Ted Bishop: Jack Nicklaus still leading the way

Jack Nicklaus
The PGA of America
Jack Nicklaus is once again leading the way on how the world views golf.
By
Ted Bishop, PGA
PGA.com

Series: News Feature

Published: Wednesday, March 21, 2012 | 12:01 a.m.

To say that Jack Nicklaus needs no introduction to golfers or even sports fans would be the greatest understatement of the year. "The Golden Bear" has won 18 major golf championships while amassing 115 professional wins in his celebrated career. His place in golf history as the greatest player ever, seems pretty secure for now and decades to come.

Nicklaus was an eight time PGA Tour leading money winner. He was a five time PGA Tour player of the year. He was inducted into the World Golf Hall of Fame in 1974. Nicklaus has received the Bob Jones Award, the Payne Stewart Award and the PGA Tour Lifetime Achievement Award for humanitarian contributions in and out of golf.

My path crossed Jack's for the first time in the winter of 2011 when several of us spoke to him about being a spokesperson for Golf 2.0, an industry wide player development initiative spearheaded by the PGA of America. Jack embraced the idea and it was pretty evident that he welcomed the challenge of doing something for the betterment of the game.

Nicklaus and his wife, Barbara, have 21 grandchildren. Only one of those grandkids plays golf. At age 72, Jack is very aware of the hurdles and distractions that families often times face when it comes to finding time to play the sport that he dominated for decades. Nicklaus understands that the perceived time commitment associated with golf has got to change in order to attract new players to the game.

Last summer, he instituted a couple of totally unconventional ideas at two of his premier golf facilities. There are no finer golf destinations in this country than Muirfield Village in Dublin, OH and The Bear's Club in West Palm Beach, FL. These are traditional private clubs and Nicklaus devised a 12-hole routing plan at each course that allowed golfers to play "six, six and twelve" versus the traditional two nines and 18 holes. His goal was to shorten the time it takes to play.

"Twelve holes is about all I am interested in playing myself," smiles Jack when he talks about the concept. "Many women enjoy the six-hole concept. It's faster and less strenuous."

Nicklaus refers to himself as one of the staunchest traditionalists in golf history, so when he introduced an 8-inch cup for a day at Murfield Village and the Bear's Club last summer it was monumental. The official diameter of a golf hole is 4.25 inches and Jack gave his golfers a hole twice the size as the regulation cup. Players loved the novel idea, although one golfer quipped, "You can still miss 'em on the edge."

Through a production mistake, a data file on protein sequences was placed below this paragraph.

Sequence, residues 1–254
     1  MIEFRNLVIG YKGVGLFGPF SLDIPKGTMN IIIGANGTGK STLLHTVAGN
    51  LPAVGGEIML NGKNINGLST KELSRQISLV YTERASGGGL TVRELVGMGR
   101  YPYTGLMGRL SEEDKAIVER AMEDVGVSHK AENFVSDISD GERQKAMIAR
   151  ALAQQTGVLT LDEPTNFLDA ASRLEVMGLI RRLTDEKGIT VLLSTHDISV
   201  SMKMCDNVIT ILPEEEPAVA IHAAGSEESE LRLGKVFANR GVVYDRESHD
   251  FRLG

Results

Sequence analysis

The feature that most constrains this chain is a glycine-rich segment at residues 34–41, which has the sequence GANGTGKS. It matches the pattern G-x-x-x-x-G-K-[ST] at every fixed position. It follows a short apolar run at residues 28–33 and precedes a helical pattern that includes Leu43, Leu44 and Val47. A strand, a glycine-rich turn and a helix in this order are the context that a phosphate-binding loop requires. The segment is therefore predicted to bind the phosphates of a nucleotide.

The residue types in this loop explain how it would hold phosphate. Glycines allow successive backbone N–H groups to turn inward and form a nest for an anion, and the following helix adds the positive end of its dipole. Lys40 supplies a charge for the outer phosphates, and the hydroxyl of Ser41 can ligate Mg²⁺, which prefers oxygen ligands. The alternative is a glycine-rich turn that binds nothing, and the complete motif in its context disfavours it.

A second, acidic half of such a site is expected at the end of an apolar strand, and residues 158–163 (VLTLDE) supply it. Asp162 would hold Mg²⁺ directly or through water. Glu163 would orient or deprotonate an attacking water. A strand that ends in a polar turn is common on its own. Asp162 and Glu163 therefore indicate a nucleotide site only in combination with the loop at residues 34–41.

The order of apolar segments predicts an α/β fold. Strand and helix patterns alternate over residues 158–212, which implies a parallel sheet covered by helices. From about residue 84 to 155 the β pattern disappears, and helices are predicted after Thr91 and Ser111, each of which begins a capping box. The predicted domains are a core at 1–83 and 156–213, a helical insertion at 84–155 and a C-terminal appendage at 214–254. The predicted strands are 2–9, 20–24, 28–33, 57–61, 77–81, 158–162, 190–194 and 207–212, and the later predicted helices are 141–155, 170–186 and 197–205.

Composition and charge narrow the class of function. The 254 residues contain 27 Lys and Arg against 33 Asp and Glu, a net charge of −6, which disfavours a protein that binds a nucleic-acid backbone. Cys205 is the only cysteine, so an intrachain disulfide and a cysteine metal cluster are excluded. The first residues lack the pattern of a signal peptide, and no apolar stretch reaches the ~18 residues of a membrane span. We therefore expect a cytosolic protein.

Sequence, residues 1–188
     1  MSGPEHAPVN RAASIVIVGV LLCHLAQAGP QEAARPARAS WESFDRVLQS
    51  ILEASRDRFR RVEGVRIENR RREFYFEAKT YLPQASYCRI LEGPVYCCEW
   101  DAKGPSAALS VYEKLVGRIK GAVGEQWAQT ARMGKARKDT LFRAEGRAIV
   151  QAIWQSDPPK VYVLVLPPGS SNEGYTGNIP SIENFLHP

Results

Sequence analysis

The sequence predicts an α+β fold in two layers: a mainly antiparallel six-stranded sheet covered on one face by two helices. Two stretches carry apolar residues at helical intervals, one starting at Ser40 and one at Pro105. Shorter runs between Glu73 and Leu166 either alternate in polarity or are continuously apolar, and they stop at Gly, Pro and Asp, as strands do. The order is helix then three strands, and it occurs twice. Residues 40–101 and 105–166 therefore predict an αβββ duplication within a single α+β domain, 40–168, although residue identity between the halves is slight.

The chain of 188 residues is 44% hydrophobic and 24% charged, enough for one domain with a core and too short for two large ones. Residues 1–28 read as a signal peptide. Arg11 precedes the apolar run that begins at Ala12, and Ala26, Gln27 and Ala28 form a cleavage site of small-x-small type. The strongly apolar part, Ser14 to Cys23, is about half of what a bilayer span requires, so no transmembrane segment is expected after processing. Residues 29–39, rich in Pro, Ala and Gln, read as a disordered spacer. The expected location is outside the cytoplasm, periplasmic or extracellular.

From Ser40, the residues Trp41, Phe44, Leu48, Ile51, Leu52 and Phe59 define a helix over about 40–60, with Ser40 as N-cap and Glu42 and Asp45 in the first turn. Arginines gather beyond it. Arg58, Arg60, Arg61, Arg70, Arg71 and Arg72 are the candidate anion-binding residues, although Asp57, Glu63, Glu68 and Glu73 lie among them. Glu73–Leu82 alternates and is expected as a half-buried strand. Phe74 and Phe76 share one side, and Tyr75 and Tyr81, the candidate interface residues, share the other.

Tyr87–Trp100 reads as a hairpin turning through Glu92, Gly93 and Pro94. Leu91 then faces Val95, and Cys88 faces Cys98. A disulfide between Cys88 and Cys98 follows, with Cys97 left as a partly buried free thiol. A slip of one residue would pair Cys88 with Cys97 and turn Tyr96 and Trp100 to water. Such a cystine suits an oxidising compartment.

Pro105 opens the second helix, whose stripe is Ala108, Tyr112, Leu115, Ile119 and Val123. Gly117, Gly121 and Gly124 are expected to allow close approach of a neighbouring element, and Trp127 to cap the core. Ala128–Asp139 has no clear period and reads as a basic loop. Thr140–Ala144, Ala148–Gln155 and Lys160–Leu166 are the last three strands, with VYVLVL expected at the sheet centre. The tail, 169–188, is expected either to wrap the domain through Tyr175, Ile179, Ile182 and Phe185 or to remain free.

Over the last few months, Jack has continued to explore unconventional ways to attract and keep players in the game. A couple of weeks ago, we met at the Bear's Club and he was presented an idea promoting forward tees for family and beginning golf. Upon seeing the concept, he ordered the forward markers for both Muirfield Village and the Bear's Club.

Nicklaus didn't stop there. He has instructed his design teams to institute the concept on all new courses that Nicklaus design builds. I wouldn't be surprised if he sends a memo to all Nicklaus designed courses in the U.S. and encourages them to install these forward tees.

Last week, several of us met in Jack's office at West Palm Beach to discuss the idea of bringing the 12-hole concept to the PGA Grand Slam of Golf. The idea was born out of a discussion that Ian Baker-Finch, former British Open champion and CBS commentator, had with me at the Grand Slam Pro-Am a couple of years ago. Finch and I presented our case study to Jack, the all-time major champion, and he offered ideas and opinions on how players, television and viewers would perceive the concept.

The PGA Grand Slam of Golf features the four major championship winners in a 36-hole format each fall at Port Royal in Bermuda. We are still working out the details, but the fact that we even discussed a monumental format change like this was in large part because of Jack Nicklaus.
It is Jack's hope that facilities and operators around the United States will follow his lead and embrace some of these new concepts. While I certainly can't play like Nicklaus, I can at least think like him! Here are some of the new programs that we will be introducing in 2012 at The Legends Golf Club.

- Offer 6-hole and 12-hole rates on our championship 27-holes.
- Forward tees with Level 1 9-hole yardage of 1,530 and Level 2 9-hole yardage of 2,070.
- Offer a 6-hole SNAG golf course for entry level players (adults and kids) with fees under $5.
- Create an hourly family rate for hitting balls, playing our par three course or SNAG course.
- Add a new Men's Club event utilizing the proposed Grand Slam of Golf format.

It has been my privilege to serve as the PGA's spokesman for Get Golf Ready. This program allows the consumer to sign up for five 1.5 hour lessons from a PGA professional for a cost of only $99. Each instructional session includes an "on course" experience where the players actually get to play on the course. Get Golf Ready classes can be tailored to all types of players- beginning women, kids, senior men, accomplished players, couples, etc.

The most compelling statistic regarding Get Golf Ready is that 84% of those who take all five of the instructional sessions- stay in the game as golfers. Nicklaus liked that and he has also endorsed the program at his facilities.

Jack Nicklaus has given golfers of all ages many memories for a lifetime. Who can forget that image of him holing a putt on the 17th green at the 1986 Masters and CBS' Verne Lundquist exclaiming, "Yes Sir!"

For me, my best memories of Jack will be sitting around a table and talking about ways to grow the game of golf. Thanks, Jack!